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Skyscrapers inspire gourmet sandwiches

Famous Italian chef in homage to Milan building project

10 February, 18:57
Skyscrapers inspire gourmet sandwiches
Skyscrapers inspire gourmet sandwiches
Skyscrapers inspire gourmet sandwiches

(ANSA) - Milan, February 9 - A cutting-edge new skyscraper complex going up in Milan is the latest culinary inspiration for one of Italy's most famous chefs, who said Tuesday he was concocting a trio of gourmet sandwiches in their image.

''I already have them in here,'' said Gualtiero Marchesi pointing to his head.

Still a titan of Italian haute-cuisine at the age of 79, Marchesi said he wasn't giving away the ingredients to the three sandwiches yet, but that there would be no mistaking his inspiration once diners saw them.

The chef's model are the tree skyscrapers composing the Milan CityLife complex, an ultramodern development that has raised eyebrows in the sophisticated northern Italian city since construction began in 2007.

Built to face each other across an open park space with ponds and canals evocative of the Lombardy's lake region, the towers distinctive design have earned them the nicknames Il Dritto (the straight one), Il Curvo (the curved one) and Il Storto (the crooked one) among local residents.

The project for the complex was drawn up by a group of celebrity architects including Daniel Libeskind, who won the masterplan competition for the reconstruction of the World Trade Center in New York.

Another big name who lent her hand to the project was Iraqi architect Zaha Hadid who also designed Rome's new 21st Century Art Museum.

Though the CityLife project has earned the scorn by conservationists who say the deconstructionist glass and steel design clashes with its older surroundings, Marchesi, a long-time resident said they deserved a sandwich homage.

The announcement of a new Marchesi sandwich stirred enthusiasm among Italian-food purists, who hoped it might serve as a gourmet answer to McDonald's new burger, the McItaly.

Though the fast-food conglomerate guarantees the McItaly is made with 100% Italian ingredients, five with European Union quality certificates, food critics have derided it as an affront to Italy's culinary tradition.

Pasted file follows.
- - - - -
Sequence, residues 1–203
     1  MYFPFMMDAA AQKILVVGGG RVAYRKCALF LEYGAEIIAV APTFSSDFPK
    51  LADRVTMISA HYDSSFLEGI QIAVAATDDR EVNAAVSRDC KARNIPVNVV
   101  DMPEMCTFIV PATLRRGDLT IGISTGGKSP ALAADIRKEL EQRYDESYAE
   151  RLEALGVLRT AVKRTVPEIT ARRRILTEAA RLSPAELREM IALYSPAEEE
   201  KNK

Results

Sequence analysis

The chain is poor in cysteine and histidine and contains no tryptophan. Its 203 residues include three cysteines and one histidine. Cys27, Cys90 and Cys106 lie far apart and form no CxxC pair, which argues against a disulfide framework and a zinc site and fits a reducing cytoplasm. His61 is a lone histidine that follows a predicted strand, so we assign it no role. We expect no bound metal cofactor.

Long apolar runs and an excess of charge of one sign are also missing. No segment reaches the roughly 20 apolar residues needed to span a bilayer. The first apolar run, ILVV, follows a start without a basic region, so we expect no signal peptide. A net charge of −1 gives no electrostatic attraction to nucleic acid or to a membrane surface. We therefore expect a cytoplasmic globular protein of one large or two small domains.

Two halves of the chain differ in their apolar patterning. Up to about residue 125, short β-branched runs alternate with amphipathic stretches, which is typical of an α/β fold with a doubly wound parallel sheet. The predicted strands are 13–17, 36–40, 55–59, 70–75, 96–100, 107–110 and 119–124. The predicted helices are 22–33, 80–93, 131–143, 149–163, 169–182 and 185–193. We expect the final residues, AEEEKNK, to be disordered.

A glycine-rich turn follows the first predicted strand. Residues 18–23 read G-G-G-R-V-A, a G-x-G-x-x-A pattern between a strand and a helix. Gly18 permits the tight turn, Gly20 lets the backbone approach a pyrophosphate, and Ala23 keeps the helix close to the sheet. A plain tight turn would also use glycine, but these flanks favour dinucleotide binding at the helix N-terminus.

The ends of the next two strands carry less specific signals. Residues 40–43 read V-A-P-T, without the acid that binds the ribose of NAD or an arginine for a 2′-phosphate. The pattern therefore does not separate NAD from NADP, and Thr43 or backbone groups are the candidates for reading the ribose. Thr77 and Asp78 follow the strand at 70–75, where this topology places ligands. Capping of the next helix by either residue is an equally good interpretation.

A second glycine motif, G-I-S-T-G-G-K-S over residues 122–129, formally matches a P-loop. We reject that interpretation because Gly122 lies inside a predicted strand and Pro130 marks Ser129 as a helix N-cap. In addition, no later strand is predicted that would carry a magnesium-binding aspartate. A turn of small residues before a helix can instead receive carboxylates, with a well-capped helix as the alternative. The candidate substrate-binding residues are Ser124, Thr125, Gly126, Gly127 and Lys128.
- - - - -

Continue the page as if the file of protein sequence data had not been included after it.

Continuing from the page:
Marchesi admitted that he hadn't tried the new hamburger, but said that it sounded like a ''pretty good idea''.

''If it really is an all-Italian sandwich, that's a big step forward,'' he said.

Marchesi was the first Italian chief to be awarded the Michelin Guide's top three stars, in 1985. He is considered by many to be the pioneer of modern Italian cuisine.

He was born in 1930, the son of parents who ran the Albergo del Mercato restaurant and hotel in Milan.

After building up his reputation at his family's establishment and studying cuisine in Switzerland, Marchesi went to France, working in restaurants in Paris, Dijon and Roanne.

He later returned to Milan and opened another hotel and restaurant with his parents which he ran until 1977.

Marchesi later opened his first restaurant in the city and earned his first Michelin star within a year.

He picked up his second star the following year but it then took him four years before he earned Michelin's maximum three stars.

In 1993 he opened a new restaurant in Franciacorta, an area between Milan and Brescia where he further developed his cuisine, a mix between traditional and modern, the Ristorante di Erbusco.

Five years later he opened a restaurant under his own name in Milan which also became a cooking academy.

In 2001 he opened a restaurant in Paris and the same year he took over Rome's oldest public eating establishment, the Osteria dell'Orso, which has been operating since the 1400s.

Photo: The CityLife Design

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